Make Iran Pay a Price for Regional Meddling
There is no doubt that the Middle East is in turmoil like never before. And this is highly due to the disastrous engagement/lead-from-behind policy adopted by the Obama administration, despite its claim it sought to lessen tensions.
Iran is taking advantage by expanding its sphere of influence through proxy groups in Iraq, propping the Assad regime in Syria by dispatching a conglomerate of militia shock troops and fueling the Yemen war by providing arms, money and logistical support to the Houthis. However, the days of Iran’s advances are numbered.
As the Trump administration continues to place its crosshairs on ISIS in Syria, Tehran is busy in a land-grab campaign, already thinking about the post-ISIS Levant. Iran has also through the years ordered its offspring, Lebanese Hezbollah, to dispatch thousands of its members to Syria.
Washington must come to understand more action is needed against Iran’s moves in Syria. Tehran is also seeking to raise the stakes for the US in the all-important region of southeastern Syria. A series of incidents all clearly indicate the escalating tensions on the ground and in the skies:
— US fighter jets targeting Iran-backed militias nearing a base of America-backed forces in al-Tanf on the Syria-Iraq border,
— US warplanes shooting down two Iranian-made drones and a Syrian Sukho-22 jet targeting allied Kurdish forces on the ground,
— Iran launching medium-range ballistic missiles from its soil to Deir Ezzur in eastern Syria.
The most recent White House warning to Assad not to resort to a chemical attack raised the temperature even higher. It is obvious Assad would need permission from Iran and Russia for such a move. Thus Washington was sending an “on notice” message to Damascus, Tehran and Moscow.
Iran’s objective is clear: establishing a land corridor passing through Iraq, Syria and Lebanon, and reaching the Mediterranean shores. On both sides of the Syria-Iraq border, Tehran has militia proxies seeking to push ISIS out of the region and prevent any US-backed forces, be it the Kurds and Sunni Arabs advancing upon Raqqa, or the Free Syrian Army in the southeast, from gaining any further foothold in Syria after the fall of ISIS.
Iran seeks full control over the Syria-Iraq-Jordan borders and will not tolerate any US presence in the area. Iran has also ordered Hezbollah to stretch its activities to Daraa in southern Syria close to the Israeli border.
While the Trump administration has taken unprecedented military action to protect its interests, White House statements explaining US-led coalition forces do “not seek to fight” Iran-backed forces will be viewed by Tehran as a window of opportunity to continue their belligerence in a highly-hostile flashpoint area.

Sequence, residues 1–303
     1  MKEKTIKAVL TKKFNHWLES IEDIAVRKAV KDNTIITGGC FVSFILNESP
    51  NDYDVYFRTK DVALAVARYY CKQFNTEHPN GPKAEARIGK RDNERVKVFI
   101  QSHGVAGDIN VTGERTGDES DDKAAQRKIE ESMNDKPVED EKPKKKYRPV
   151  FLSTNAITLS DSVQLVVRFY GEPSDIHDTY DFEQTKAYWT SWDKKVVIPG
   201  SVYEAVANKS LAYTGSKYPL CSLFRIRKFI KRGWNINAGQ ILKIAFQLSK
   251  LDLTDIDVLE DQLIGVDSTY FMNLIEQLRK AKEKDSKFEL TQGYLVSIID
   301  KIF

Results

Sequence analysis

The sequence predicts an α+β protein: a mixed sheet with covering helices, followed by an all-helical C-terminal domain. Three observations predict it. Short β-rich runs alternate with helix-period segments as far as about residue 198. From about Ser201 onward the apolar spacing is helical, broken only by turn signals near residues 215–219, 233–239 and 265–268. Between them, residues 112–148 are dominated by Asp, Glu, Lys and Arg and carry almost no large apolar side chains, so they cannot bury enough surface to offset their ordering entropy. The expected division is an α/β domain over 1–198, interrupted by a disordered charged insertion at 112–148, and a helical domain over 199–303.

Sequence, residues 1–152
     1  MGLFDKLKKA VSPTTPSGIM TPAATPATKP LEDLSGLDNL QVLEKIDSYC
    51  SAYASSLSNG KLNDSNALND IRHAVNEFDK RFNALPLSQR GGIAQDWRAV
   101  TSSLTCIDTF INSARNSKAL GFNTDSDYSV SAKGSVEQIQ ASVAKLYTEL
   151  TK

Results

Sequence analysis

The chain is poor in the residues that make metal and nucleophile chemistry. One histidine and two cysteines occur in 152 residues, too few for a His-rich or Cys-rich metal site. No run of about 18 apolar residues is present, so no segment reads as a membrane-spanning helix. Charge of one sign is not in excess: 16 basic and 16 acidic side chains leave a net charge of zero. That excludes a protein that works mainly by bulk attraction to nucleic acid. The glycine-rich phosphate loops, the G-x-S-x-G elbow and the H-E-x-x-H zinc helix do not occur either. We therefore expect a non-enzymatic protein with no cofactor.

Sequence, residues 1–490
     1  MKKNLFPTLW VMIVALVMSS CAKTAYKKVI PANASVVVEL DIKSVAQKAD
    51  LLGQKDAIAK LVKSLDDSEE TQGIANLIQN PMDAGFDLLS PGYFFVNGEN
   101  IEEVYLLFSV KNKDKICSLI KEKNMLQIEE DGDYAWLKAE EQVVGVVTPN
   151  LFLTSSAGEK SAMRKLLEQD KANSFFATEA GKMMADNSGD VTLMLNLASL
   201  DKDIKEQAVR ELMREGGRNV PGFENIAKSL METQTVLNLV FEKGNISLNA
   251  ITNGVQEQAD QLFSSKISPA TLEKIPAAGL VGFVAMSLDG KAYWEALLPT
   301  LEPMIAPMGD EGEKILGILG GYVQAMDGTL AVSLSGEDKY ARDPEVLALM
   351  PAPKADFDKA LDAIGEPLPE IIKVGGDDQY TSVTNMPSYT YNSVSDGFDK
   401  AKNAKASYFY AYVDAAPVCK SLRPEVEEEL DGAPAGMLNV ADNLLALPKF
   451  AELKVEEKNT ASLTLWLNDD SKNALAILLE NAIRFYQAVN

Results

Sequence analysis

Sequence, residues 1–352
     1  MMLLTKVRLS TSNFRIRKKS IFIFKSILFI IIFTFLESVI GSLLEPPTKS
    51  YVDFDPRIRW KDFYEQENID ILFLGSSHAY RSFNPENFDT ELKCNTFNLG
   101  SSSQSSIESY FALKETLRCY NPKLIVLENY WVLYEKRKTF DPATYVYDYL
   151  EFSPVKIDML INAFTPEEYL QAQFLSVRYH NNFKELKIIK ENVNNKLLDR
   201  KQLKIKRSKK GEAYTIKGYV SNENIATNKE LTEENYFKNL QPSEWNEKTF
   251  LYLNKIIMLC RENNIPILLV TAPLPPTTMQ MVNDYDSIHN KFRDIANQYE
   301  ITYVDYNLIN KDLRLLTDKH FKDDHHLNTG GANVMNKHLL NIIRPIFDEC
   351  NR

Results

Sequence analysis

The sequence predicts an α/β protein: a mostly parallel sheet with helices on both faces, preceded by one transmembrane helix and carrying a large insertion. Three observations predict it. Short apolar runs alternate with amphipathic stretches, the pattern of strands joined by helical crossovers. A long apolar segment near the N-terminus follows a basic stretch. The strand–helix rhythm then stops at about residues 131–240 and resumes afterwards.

And while we are here, Russia declaring a freeze on deconfliction agreements with the US is nothing but a bluff considering the fact that Moscow has already accomplished more than its expectations in Syria: fortifying a naval and air base, and establishing a major foothold in the Middle East after decades of absence.
It is high time for Washington to begin defining and taking steps in the direction of its broader post-ISIS Middle East policy. It is imperative to understand Iran’s threats will only further increase and the end of ISIS will not mean the end of violence or Tehran’s destructive meddling.
Iran’s actions in Iraq after 2003 should provide a very disturbing vision. Tehran dispatched its mullahs and flooded the country with money to launch “cultural centers.” This was the beginning of Iran spreading its tentacles and injecting its disparaging mentality to fuel sectarian wars that continue to haunt Iraq and wreak havoc in the country.
Shiite militias have been harassing the Sunni minority for over a decade as Tehran seeks to change the complete social fabric of Mesopotamia. The Popular Mobilization Forces (PMF), known as the Hashid al-Sha’bi in Arabic, are a replica of the mullahs’ Islamic Revolutionary Guard Corps (IRGC), and Iran’s influence in Iraq has reached the point of this entity being legalized by the Iraqi Parliament.
As ISIS routed the classic Iraqi army thanks to the disastrous policies of former Iraqi Prime Minister Nouri al-Maliki, Iran began justifying PMF presence in battles for Falluja, Ramadi, Salahaddin, Tikrit and now Mosul.
Firstly, it is a dire necessity for the US and its regional allies, including Saudi Arabia, Turkey and all Gulf Cooperation Council states, to quickly remedy the Qatar crisis and prevent Iran from taking advantage of such a rift.
Secondly, as ISIS is being eradicated, all attention must be focused on Iran and its devastating meddling in the region. One very imperative measure to curb Iran’s influence and bring an end to its reach across the region is for the US, European Union and Arab nations to designate the IRGC as a foreign terrorist organization.
Finally, Sunni Arab states should be involved in rebuilding the devastated lands of Iraq, Syria and Yemen to prevent Iran from again taking advantage of such an initiative for its deceptive objectives.
Iran must come to learn that the days of meddling in the region without paying the price are over.